After scoring a victory in Egypt, Saudi Arabia is hoping to achieve the same swift success in Syria, where the struggle between the regime and the rebels seems ever more complex and bloody. If it does, Saudi Arabia will emerge as the main arbiter of Arab regional politics for the foreseeable future. If it does not, its claim to regional leadership will be seriously undermined.
The human cost of the bloody Syrian conflict that was destined from the very beginning to become a regional and international concern is rising by the day. Saudi Foreign Minister Saud al-Faisal urged the Arab League to back a military strike against President Bashar al-Assad’s regime after the chemical attack on Ghouta in which hundreds of Syrians were killed. Faisal said Saudi Arabia would back a US strike on Syrian government targets, provided the military intervention was "the will of the Syrian people."
The Saudis' clear sanctioning of a US-led military strike comes after Arab efforts to back the rebels have not led to a clear victory. The conflict is still claiming lives and there are no signs that the Syrian regime is approaching its final days. A military strike, it is believed, would weaken the military capabilities of the regime, giving the rebels a better opportunity on the ground to erode Assad’s grip on power.
Away from humanitarian concerns over the Syrian victims of chemical attacks, the Saudi antagonism to Assad’s regime started in 2006, when it appeared that together with Iraq, Syria was beginning to drift even more toward the Iranian sphere of influence and away from the Saudi-led Arab position, causing discomfort in Riyadh. Saudi Arabia aims to return Syria to its fold after years of estrangement and even hostility.
Saudi preoccupation with Syria is a reflection of deep-rooted fear of Iran’s rising influence. After giving up on the United States dealing a blow to this influence in the form of a military strike on Iran’s nuclear installations, more than ever, Saudi Arabia feels encircled by Iran from all directions. The Saudi leadership imagines itself surrounded by hostile forces, among whom are the Yemeni Houthis in the south, and Iraq, Syria and Lebanon in the north, all dubbed agents of Iran. The Syrian uprising gave the Saudis an opportunity to undermine the most vital link in the Iranian influence that stretched from Baghdad to Beirut. Defeating Assad became a priority for the Saudi national interest, which so far has taken the form of direct military aid to the rebels and promotion of the Syrian cause in international and regional forums. Nothing would alleviate Saudi fears like a pro-Saudi Sunni government in Damascus, breaking the chain of Iranian influence.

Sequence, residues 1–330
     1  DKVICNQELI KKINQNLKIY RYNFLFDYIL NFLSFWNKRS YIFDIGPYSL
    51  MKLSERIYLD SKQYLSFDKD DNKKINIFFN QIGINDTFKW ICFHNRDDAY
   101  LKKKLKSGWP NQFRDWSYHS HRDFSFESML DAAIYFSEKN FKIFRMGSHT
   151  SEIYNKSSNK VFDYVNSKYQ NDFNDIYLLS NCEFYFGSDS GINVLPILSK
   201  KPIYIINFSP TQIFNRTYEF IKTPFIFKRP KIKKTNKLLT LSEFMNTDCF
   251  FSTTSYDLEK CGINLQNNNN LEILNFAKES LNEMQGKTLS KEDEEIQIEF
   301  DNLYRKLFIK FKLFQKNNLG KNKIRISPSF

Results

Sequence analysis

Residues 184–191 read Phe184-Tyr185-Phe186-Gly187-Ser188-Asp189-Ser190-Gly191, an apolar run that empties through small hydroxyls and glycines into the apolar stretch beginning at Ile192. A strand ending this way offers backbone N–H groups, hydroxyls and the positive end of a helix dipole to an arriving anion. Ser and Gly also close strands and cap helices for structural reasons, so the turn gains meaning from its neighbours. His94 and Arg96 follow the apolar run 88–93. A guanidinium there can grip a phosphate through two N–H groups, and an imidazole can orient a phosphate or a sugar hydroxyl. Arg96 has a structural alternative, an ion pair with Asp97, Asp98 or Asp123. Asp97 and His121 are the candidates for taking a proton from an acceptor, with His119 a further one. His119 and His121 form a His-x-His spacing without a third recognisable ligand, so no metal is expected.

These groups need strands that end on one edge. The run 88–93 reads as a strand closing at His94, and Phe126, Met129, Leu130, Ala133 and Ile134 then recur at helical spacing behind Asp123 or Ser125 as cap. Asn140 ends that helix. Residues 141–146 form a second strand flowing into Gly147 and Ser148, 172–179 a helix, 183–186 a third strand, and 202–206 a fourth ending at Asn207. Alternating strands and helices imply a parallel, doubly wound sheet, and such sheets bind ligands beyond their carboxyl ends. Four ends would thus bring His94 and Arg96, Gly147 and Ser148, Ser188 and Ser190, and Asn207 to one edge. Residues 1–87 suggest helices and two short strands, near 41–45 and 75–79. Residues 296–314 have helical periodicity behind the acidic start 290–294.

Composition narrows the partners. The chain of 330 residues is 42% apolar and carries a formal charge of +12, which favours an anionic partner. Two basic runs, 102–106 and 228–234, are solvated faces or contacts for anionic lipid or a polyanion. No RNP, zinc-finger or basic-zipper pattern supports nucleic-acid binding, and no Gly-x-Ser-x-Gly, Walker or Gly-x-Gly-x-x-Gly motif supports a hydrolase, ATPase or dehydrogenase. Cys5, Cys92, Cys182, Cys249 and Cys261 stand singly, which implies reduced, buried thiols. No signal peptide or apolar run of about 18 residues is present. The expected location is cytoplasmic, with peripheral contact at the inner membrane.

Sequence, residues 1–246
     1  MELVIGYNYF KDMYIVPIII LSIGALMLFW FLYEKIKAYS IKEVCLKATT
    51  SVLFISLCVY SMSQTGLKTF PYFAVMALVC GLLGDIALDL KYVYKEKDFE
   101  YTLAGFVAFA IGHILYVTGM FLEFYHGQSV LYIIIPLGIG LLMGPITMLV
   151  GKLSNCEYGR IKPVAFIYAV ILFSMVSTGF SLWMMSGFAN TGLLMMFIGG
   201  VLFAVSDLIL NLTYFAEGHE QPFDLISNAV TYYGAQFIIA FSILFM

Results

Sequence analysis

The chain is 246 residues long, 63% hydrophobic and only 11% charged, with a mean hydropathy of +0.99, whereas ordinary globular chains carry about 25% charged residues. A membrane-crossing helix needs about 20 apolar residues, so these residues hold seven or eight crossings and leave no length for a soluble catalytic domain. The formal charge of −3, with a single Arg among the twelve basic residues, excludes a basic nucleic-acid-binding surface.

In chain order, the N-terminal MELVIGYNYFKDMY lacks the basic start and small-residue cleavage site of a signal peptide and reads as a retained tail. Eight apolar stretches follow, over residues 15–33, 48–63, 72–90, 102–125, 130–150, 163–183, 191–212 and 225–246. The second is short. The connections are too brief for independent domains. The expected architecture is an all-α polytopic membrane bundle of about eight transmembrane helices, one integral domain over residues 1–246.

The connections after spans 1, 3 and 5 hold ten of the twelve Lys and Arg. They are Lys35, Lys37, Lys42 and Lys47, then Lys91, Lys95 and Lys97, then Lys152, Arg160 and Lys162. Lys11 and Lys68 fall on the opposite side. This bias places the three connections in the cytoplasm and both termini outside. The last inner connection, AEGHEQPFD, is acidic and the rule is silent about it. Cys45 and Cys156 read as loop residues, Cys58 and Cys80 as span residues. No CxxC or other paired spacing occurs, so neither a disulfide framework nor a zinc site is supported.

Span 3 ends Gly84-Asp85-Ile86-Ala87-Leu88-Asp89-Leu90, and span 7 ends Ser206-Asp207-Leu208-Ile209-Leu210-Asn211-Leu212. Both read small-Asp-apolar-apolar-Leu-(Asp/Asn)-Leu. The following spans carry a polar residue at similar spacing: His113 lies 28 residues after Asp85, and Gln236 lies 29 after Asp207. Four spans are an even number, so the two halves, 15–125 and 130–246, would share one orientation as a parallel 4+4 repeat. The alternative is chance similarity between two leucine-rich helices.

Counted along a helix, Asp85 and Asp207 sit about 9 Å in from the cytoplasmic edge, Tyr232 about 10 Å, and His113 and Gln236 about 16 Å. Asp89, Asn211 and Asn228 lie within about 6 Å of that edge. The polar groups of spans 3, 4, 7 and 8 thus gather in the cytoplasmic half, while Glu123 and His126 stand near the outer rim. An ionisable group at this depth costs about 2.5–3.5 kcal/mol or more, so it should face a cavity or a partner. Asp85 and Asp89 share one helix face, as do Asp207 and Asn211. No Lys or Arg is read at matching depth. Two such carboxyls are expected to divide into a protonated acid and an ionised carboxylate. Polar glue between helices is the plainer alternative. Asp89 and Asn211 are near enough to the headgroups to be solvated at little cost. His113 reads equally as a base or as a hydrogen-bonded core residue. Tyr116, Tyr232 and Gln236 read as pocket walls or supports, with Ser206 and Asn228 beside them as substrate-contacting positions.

From the Saudi perspective, Washington can redeem itself in Syria if it leads a limited military strike after appearing reluctant to continue its policy of supporting Arab dictators at their darkest moments. It failed to take action in 2011, when its closest ally, then-Egyptian President Hosni Mubarak, faced the first round of revolution, thus reminding the Saudis of how powerless the United States can be when such dictators are under pressure from their own people. Saudis remember how the United States also failed to save the Shah of Iran in 1979 under the pressure of revolution.
Now Saudi Arabia wants the United States to act in order to demonstrate to the Arab public its military might. As the Saudis are still dependent on US military technology and training, the regime is embarrassed by how hesitant its patron in Washington has been over the last three years of Arab uprisings. It is possibly the first time when US national interests do not correspond with those of the Saudis — hence Washington’s tame interventions in recent years and its reluctance to respond to the Saudi desire to strike Iran. It seems that Saudi Arabia may have reached the conclusion that Washington cannot always fight Saudi wars. The Saudis may have to do it themselves, unless the United States moves quickly and launches its missiles on Assad, as wished by Faisal when addressing the emergency meeting of the Arab foreign ministers in Cairo.